Today we’d like to introduce you to Gabriela Camarillo Gil.
Gabriela , please share your story with us. How did you get to where you are today?
I was brought up by my surgeon father, in Mexico-Monterrey close by the mountains and surrounded by animals. Between reading and playing video games I picked the habit of doodling and making up stories, and though I was set to follow in his footsteps-I suppose it wasn’t all too shocking when I decided a year prior college that I wanted to pursue animation. Moving over to USA to study at Calarts has been a bit tough but I’m happy of the people I’ve met and the opportunities I’ve been given to better learn how to tell stories.
Has it been a smooth road?
Culture shock and homesickness have been the toughest things to overcome. The coldness of USA, language barriers and..well, cost of living really impacted me, I missed most of all being able to hug freely and be cozier with others but I’ve found good friends who allow me to be myself. All that could be washed off though after a few weeks of visiting Mexico to be with my family. Then rinse and repeat.
How do you think the industry will change over the next decade?
I think outsourcing might become the next new thing! Not so much in that they share a little of the work, but rather have big projects done entirely abroad. A lot of great studios are opening up in the foreign, and I’ve had the pleasure to meet some of the blooming new grounds in Mexico such as Mighty and Boxel. Education is becoming more accessible to others thanks to the internet, so people won’t have to migrate as much to find work. I believe CG will remain the stronger lead for film industry particularly in USA but I have faith that 2D will gain ground with the influence of France joining the animated film race too. And that’s where I have the highest hopes for.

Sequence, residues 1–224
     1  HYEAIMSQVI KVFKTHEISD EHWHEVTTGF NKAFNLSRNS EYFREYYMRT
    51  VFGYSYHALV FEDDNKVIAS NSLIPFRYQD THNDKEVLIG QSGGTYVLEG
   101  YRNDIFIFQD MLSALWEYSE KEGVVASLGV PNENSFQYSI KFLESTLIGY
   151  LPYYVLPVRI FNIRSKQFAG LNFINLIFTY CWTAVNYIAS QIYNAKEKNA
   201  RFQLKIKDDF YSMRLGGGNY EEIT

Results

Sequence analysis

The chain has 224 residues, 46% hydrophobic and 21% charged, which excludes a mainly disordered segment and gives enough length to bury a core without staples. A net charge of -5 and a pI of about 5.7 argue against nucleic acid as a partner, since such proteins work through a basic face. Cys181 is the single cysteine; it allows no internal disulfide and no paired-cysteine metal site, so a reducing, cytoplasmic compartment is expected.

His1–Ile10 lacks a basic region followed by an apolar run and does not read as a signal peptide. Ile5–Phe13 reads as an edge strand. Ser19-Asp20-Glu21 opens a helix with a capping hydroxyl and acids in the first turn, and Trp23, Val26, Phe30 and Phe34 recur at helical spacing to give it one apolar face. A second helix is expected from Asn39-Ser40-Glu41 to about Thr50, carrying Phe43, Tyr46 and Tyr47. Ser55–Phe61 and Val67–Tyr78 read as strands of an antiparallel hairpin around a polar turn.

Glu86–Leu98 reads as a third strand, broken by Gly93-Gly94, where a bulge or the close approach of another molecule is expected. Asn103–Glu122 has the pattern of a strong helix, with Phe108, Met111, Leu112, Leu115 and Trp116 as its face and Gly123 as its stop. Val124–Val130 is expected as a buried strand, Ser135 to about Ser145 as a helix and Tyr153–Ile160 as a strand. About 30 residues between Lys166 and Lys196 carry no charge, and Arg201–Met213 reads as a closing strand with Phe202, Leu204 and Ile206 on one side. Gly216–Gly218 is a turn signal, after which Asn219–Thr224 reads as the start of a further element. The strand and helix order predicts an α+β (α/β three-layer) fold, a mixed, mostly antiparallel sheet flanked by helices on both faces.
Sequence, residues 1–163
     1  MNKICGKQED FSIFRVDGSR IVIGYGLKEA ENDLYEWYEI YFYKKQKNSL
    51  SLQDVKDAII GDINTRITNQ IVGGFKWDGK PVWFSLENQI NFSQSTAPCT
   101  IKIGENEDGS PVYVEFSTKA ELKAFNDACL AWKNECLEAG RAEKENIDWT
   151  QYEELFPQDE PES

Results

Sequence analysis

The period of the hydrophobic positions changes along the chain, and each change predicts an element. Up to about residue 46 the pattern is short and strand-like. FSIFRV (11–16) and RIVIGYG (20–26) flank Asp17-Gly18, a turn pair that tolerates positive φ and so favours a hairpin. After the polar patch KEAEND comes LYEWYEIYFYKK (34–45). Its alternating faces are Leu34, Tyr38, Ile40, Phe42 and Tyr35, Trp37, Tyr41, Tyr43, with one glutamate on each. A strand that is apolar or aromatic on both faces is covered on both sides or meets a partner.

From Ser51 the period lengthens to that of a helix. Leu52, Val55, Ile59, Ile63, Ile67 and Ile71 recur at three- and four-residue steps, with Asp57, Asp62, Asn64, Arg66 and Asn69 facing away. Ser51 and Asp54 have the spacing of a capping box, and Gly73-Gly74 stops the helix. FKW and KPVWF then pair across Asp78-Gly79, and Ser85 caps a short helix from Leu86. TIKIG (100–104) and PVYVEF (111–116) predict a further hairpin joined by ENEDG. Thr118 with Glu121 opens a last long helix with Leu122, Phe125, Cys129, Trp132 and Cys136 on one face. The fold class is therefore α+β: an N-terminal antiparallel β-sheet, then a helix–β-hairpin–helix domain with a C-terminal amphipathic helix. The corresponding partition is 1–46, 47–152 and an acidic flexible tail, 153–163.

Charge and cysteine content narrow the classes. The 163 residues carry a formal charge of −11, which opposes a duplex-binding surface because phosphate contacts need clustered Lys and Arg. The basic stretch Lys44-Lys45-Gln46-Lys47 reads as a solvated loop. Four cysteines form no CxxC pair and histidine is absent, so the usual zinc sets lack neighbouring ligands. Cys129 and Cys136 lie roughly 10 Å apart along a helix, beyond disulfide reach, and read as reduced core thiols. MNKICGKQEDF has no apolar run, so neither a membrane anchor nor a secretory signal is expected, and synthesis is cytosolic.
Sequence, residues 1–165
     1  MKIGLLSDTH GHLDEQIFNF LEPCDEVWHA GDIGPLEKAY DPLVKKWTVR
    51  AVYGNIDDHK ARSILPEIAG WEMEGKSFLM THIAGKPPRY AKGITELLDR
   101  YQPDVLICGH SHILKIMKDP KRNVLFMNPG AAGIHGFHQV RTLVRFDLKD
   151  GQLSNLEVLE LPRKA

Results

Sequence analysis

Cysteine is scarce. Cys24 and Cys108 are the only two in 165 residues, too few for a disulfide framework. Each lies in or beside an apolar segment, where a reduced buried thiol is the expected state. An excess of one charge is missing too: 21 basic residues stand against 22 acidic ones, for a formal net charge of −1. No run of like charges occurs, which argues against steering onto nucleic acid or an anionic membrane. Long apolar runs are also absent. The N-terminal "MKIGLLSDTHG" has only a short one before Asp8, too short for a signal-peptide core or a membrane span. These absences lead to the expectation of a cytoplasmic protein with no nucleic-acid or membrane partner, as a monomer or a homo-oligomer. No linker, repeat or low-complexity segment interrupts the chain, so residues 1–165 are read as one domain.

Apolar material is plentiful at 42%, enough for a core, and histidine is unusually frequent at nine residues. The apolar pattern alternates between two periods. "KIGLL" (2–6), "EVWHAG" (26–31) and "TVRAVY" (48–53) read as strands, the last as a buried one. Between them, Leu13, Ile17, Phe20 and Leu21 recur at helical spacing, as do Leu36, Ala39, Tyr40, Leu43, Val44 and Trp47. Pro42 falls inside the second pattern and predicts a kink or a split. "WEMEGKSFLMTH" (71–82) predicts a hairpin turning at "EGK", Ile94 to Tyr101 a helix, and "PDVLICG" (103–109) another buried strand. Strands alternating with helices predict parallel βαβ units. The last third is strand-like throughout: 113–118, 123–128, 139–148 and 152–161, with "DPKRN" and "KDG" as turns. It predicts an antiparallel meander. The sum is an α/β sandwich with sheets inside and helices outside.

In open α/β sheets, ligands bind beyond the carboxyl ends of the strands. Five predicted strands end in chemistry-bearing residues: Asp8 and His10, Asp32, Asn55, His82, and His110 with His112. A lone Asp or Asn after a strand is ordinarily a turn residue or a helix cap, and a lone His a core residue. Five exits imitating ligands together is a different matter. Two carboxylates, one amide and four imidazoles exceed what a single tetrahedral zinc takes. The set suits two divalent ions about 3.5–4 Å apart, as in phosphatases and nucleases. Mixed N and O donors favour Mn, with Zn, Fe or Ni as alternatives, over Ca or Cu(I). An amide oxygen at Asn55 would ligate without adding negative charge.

What has been the primary challenge you’ve faced?
Catching up, most if all of the animation focused education is in English as well as most media content–one can absorb it but not necessarily understand it to its fullest, so accessibility was always a struggle. I think also understanding that my heart didn’t lie in medicine but rather in art and story, so trying to learn the basics of who/what are the big hits in the industry and in history I’m lacking a lot of that basic information. I think though that it shouldn’t matter much, a different context means a different knowledge and set of skills you can bring to the table, and some of the most interesting people I’ve met in this field all come from backgrounds entirely unrelated to the pursuit of art.
What advice do you wish to give to those thinking about pursuing a path similar to yours?
Adapt! Be fearless! Be humble, and above all kind and be patient to others but namely to yourself. I think being a foreign student in a place where you’re a clean slate can be intimidating, and very frustrating and lonely at times, especially if you’re handling of English isn’t all that good. Acquaintances determine how far you go anywhere, and there’s definitely a stigma for non-fluent speakers, I believe and I feel very fortunate to have met so many good friends and mentor figures who are willing to lend a hand. I feel indebted to them and I hope I can return the favor and help out other Mexican and latinx hopefuls within this industry in the future.
Always remember though, you made it this far, you’re very talented and you have an unique voice! There is always a place you can belong to and stand out, don’t worry!